Jul 15 2014
next sibling parent reply "John Colvin" <john.loughran.colvin gmail.com> writes:
On Tuesday, 15 July 2014 at 16:45:02 UTC, Jane Doe wrote:
 On Tuesday, 15 July 2014 at 16:16:19 UTC, Andrej Mitrovic via 
 Digitalmars-d wrote:
 On 7/15/14, Frustrated via Digitalmars-d 
 <digitalmars-d puremagic.com> wrote:
 On Tuesday, 15 July 2014 at 08:01:40 UTC, Meta wrote:
 The 2nd "argument" to typeof makes no sense. It shouldn't be 
 on
 that line at all. Total fail by the programmer.
Well yeah, real world programmers make mistakes.
So, you wanna nerf everything that could produce the wrong behavior? Should be reduce the speed limit to 5mph because cars can kill people? There is nothing in this example that shows the comma operator is evil. Any programming language as a plethora of similar issues. Should we get rid of || && etc because one might forget to double it? e.g., if (x | y) when one meant if (x || y)? It's not the languages fault if you can't pay attention to what you are doing! The code looks like he copy and pasted the 2nd alias line and forgot to remove the depth part. Again, this speaks nothing about the comma operator but about the programmer.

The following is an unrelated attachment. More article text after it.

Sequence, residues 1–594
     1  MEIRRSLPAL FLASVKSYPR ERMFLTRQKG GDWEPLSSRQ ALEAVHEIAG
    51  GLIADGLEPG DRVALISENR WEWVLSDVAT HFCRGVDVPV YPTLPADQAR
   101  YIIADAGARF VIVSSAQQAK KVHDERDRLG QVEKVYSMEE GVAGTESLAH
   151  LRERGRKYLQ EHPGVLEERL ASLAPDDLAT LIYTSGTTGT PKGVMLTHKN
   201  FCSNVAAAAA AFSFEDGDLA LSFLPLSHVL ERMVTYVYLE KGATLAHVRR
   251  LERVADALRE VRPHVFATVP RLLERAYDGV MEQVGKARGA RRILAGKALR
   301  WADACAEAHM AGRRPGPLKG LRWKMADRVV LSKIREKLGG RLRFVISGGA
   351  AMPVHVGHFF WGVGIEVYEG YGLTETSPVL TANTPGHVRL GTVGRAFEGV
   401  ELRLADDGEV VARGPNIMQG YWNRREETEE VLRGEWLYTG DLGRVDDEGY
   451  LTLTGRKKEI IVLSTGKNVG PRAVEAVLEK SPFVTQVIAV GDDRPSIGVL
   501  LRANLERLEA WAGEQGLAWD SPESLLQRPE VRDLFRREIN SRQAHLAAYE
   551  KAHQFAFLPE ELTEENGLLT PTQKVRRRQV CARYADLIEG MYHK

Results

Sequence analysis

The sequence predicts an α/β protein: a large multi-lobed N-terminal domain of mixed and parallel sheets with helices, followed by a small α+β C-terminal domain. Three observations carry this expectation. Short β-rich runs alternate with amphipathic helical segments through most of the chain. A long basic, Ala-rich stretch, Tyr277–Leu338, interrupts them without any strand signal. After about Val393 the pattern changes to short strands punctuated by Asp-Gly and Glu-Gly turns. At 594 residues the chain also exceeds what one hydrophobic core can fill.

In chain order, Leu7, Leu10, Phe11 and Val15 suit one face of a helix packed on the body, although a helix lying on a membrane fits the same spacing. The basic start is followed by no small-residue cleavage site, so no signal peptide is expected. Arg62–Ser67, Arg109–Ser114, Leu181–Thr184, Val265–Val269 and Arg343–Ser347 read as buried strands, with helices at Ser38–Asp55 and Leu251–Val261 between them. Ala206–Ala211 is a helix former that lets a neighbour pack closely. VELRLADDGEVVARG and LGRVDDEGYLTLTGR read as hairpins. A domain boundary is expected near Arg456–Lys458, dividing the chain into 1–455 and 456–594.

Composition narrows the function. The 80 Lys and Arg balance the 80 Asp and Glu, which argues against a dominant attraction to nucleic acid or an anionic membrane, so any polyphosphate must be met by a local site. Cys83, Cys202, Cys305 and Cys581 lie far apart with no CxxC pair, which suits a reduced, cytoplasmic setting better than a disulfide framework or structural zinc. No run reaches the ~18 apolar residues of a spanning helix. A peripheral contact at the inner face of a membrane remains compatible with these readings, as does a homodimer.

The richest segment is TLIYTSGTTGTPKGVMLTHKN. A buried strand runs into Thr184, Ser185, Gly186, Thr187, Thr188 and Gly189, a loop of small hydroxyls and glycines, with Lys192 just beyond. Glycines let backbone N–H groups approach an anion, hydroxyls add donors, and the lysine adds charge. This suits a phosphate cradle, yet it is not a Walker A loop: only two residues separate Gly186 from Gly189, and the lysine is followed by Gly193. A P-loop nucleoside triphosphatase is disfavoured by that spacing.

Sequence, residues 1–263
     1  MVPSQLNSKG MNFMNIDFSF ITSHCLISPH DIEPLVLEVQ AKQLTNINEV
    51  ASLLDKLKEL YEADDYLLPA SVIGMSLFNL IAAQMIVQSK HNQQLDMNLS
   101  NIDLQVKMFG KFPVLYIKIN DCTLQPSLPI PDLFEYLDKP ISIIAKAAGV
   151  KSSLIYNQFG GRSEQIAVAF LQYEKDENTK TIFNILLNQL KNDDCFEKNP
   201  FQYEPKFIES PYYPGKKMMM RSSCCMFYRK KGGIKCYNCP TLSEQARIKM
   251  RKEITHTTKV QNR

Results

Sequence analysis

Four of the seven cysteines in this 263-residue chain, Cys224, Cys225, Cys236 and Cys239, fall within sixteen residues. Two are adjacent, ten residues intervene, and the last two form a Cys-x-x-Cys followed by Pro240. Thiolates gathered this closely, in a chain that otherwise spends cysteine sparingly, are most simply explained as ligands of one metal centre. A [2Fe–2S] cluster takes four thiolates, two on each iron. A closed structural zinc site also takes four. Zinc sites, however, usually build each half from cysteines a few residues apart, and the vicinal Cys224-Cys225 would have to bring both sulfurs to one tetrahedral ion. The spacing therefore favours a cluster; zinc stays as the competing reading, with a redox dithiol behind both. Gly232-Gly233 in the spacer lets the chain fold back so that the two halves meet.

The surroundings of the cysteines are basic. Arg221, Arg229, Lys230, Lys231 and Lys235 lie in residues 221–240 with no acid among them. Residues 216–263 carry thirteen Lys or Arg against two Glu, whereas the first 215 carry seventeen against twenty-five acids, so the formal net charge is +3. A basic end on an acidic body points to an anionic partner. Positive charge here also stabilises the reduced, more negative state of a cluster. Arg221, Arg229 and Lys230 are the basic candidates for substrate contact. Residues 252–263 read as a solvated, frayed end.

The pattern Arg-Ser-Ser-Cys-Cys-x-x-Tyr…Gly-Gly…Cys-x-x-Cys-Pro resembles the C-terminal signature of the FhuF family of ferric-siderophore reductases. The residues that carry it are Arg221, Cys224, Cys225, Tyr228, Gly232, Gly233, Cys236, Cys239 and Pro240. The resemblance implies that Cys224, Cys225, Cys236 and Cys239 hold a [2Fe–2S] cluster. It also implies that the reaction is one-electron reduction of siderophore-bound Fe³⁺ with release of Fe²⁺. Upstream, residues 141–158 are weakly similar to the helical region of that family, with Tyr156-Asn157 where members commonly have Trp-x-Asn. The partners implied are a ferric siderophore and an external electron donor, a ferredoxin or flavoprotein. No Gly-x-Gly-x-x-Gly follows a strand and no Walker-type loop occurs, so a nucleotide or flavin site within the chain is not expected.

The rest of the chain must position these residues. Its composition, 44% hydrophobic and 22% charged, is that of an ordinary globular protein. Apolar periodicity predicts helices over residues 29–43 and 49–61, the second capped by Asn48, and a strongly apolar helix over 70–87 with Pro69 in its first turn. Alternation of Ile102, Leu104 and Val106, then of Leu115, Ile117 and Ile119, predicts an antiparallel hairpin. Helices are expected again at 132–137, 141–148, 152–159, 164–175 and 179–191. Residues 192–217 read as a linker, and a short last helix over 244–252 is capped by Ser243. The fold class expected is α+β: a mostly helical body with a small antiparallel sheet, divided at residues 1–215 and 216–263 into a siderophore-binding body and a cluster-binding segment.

The reason for getting rid of it is because it's borderline useless. It causes more accidental bugs than it enables deliberate uses.
Jul 15 2014
parent reply "Martin Krejcirik" <mk-junk i-line.cz> writes:
 The reason for getting rid of it is because it's borderline 
 useless. It causes more accidental bugs than it enables 
 deliberate uses.
I find the comma op useful somemtimes. This example shows absolutely nothing of comma wrongdoing. If anything, there could be a warning for passing signed value to unsigned argument (that caught me, not comma).
Jul 15 2014
next sibling parent reply "H. S. Teoh via Digitalmars-d" <digitalmars-d puremagic.com> writes:
On Tue, Jul 15, 2014 at 05:03:21PM +0000, Martin Krejcirik via Digitalmars-d
wrote:
The reason for getting rid of it is because it's borderline useless.
It causes more accidental bugs than it enables deliberate uses.
I find the comma op useful somemtimes.
Example? T -- Don't drink and derive. Alcohol and algebra don't mix.
Jul 15 2014
parent reply "Martin Krejcirik" <mk-junk i-line.cz> writes:
 Example?
For loop with multiple variables and various one liners of questionable utility aside: import std.stdio; bool funk() { static int count; return ++count > 1 ? true : false; } void main() { bool flag = false; if (flag && funk) writeln("a"); else if (flag=true, flag && funk) writeln("b"); else if (flag && funk) writeln("c"); }